When Republicans promised a new day in Alabama politics in 2010, some sincerely believed that change was possible. Still, after nearly a decade of Republican one-party rule, there isn’t a substantial difference in governing practice.
It’s not because good people haven’t tried to make a difference; it’s that there are systematic flaws that thwart reformers while rewarding the status quo.
A region’s founders and its dominant settlers are the creators of what can be called a state’s DNA. Alabama’s government still reflects the make-up of its original colonizers.
Much of the Deep South was established by slave owners who intended to recreate a society based on the Caribbean colonies of Great Britain.
In his 2011 non-fiction work American Nations: A history of the eleven rival regional cultures of North America, Colin Woodard shows how Deep South states were “Marked by single-party rule, the domination of a single religious denomination, and the enshrinement of a racial caste system for most of its history.” He also writes that these cultures supported regulation on personal behavior while opposing economic restraint.
Today, Alabama’s governance framework and, to a lesser degree, its society is much like the Deep South characteristics Woodard describes.
One Party rule.
A dominant religion.
A racial caste system.
And a willingness to impose regulations on personal behavior while opposing almost every economic restrictions.
Woodward’s findings mirror Alabama’s state government.
Alabama’s central governing power is based on a top-down fraternity where a privileged few hold the reins of authority with a whip hand ready to strike.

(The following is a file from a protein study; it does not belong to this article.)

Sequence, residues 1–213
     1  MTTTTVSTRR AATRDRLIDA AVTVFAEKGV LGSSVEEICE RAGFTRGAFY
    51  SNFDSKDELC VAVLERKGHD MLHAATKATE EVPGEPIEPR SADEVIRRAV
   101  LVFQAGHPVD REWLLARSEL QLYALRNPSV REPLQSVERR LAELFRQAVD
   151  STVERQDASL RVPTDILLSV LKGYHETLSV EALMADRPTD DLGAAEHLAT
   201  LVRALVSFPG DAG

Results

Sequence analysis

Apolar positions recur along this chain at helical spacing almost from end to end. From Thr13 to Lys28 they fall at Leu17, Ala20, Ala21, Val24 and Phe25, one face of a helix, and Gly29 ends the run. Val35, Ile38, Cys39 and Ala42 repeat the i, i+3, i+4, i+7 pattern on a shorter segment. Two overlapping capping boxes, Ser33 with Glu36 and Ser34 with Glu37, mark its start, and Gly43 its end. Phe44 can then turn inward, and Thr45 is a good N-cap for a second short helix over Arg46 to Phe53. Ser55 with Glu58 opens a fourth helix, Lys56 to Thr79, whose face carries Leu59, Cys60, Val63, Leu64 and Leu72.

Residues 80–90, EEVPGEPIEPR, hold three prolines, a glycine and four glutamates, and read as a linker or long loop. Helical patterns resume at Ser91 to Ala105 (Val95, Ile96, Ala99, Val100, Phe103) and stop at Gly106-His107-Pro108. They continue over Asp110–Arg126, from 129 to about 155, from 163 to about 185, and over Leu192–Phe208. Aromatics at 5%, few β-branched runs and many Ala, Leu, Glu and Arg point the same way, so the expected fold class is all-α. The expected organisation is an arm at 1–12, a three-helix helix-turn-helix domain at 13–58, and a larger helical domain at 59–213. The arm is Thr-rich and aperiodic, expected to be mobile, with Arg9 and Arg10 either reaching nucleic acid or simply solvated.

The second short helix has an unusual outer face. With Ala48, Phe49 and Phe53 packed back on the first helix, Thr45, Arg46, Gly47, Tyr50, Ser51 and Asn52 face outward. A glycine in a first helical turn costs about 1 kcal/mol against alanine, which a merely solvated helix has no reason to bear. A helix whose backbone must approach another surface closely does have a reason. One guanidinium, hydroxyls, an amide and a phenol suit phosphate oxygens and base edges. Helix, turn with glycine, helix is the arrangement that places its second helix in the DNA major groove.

Even before statehood, Alabama was regulated by an upper class who built the territory’s economy slave labor. The same class gained even more control after statehood.
“By the antebellum period, Alabama had evolved into a slave society, which…shaped much of the state’s economy, politics, and culture,” according to the Encyclopedia of Alabama.
Slaves accounted for more than 30 percent of Alabama’s approximately 128,000 population when it was granted statehood in 1819. “When Alabama seceded from the Union in 1861, the state’s 435,080 slaves made up 45 percent of the total population,” writes Keith S. Hebert.
The state is currently home to approximately 4.9 million individuals. If 45 percent were slaves today, that would account for around 2.2 million people in bondage.
After the South lost the Civil War, Reconstruction ushered in an era where “a larger number of freed blacks entered the state’s electorate and began voting for the antislavery Republican Party,” according to Patrick R. Cotter, writing for the Encyclopedia of Alabama.
But the old establishment fought back and instituted the 1901 Constitution, which permanently ended any challenge to one-party rule and restored white supremacy in government.
A major feature of the new constitution was a poll tax and literacy tests and other measures to disenfranchise Black people and poor whites.
As Republicans reminded voters in the 2010 campaign cycle, Democrats controlled Alabama politics for 136 years. But these were not liberals; far from it. Alabama’s old Democratic Party for generations was home to racists, not radicals.
It was only over time that the Democratic Party became the diverse collation it is today.
With Republicans holding every state constitutional office and the Legislature, the one-party rule continues as it has throughout the state’s history; only the name has changed.
Looking back over the founding years of Alabama’s history, barbarity is searing, and the atrocities unimaginable. Yet, the fact remains that these early framers thought nothing of enslaving Blacks or treating poor whites as little more than chattel. It shocks our modern sensibilities as it should. Still today, the state continues in a system of government steeped in framers’ institutionalized prejudices.
Famously 19th-century British politician Lord Acton said, “Power tends to corrupt, and absolute power corrupts absolutely.”
Alabama’s fathers wanted a government that gave absolute power to the few at the expense of the many; that is as true now as it was then.